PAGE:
Medical terms are often alarming, even though the real meaning behind those terms is not that severe. Similar is the case with Hyperglycemia and Hypoglycemia. These terms are used often by your medical practitioner if you are diagnosed with diabetes.
Some of you might know the terms, and some might be looking for what’s the difference between hyperglycemia vs hypoglycemia.
For those who don’t know about it. Let’s break these terms into two; Hyperglycemia & Hypoglycemia.
In medical terms, Glycemia is used for body glucose. While hyper means high and hypo means low. So, Hyperglycemia means high blood glucose and hypoglycemia means low blood glucose levels.
Now that we have identified the difference between both, let’s have a look into these conditions in detail. In this article, we will brief you through their symptoms, precautions, and treatments.
As these conditions are related to the blood sugar levels in the body, some of the symptoms may seem similar and it can get difficult to differentiate between the two. For example, confusion and headaches occur in both instances. However, some other symptoms might help you to differentiate between the two. Below we have made a table for you to take a quick glance at and see whether you are experiencing hyperglycemia or hypoglycemia.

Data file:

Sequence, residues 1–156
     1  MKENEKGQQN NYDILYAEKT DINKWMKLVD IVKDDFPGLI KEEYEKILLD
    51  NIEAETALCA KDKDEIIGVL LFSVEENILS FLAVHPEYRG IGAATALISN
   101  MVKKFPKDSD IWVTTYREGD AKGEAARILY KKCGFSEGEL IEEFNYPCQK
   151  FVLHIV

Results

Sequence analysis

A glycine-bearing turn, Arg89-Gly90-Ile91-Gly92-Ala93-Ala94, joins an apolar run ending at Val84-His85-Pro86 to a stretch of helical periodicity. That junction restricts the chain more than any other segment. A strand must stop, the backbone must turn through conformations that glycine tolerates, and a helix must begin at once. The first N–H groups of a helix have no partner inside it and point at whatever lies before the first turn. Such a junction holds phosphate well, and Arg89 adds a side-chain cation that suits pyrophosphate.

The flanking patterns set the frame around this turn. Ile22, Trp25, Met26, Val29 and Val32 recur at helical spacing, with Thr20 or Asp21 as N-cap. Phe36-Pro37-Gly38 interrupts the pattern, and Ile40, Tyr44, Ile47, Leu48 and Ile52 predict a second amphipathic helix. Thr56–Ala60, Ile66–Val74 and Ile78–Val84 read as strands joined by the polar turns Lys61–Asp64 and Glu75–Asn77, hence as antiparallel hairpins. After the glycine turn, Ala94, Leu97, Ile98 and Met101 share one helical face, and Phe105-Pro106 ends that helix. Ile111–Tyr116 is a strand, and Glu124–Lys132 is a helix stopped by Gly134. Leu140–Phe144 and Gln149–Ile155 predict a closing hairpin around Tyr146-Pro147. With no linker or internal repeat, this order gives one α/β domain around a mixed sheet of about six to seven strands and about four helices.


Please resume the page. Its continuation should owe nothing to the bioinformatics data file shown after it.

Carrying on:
|Hyperglycemia Symptoms||Hypoglycemia Symptoms|
|Frequent and excessive urination||Irritability|
|Shortness of breath||Hunger|
If you are experiencing symptoms from either group, you must immediately see a medical practitioner. In case if you are going through minor hypoglycemia, you wouldn’t want to waste time and start taking precautions, because in severe hypoglycemia cases, people may start experiencing confusion, combativeness, seizures, disorientation, loss of consciousness, and even coma.
Another way to determine hyperglycemia v.s hypoglycemia difference is through seeing why both occur in the first place. Knowing the causes would help you determine what you are experiencing.
The below chart will briefly help you see all the major and most common causes of Hyperglycemia and Hypoglycemia at a glance.
|Hyperglycemia Causes||Hypoglycemia Causes|
|Missing insulin dose or other diabetic medication||Excessive dose of insulin compared to the body’s need or taking excessive diabetic medical doses|